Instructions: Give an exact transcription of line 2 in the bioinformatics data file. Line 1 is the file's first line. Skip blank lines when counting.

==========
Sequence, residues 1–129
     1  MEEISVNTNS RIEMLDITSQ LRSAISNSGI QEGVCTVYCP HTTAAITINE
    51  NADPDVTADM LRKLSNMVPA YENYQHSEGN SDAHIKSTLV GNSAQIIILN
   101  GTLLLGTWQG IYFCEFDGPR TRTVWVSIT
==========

     1  MEEISVNTNS RIEMLDITSQ LRSAISNSGI QEGVCTVYCP HTTAAITINE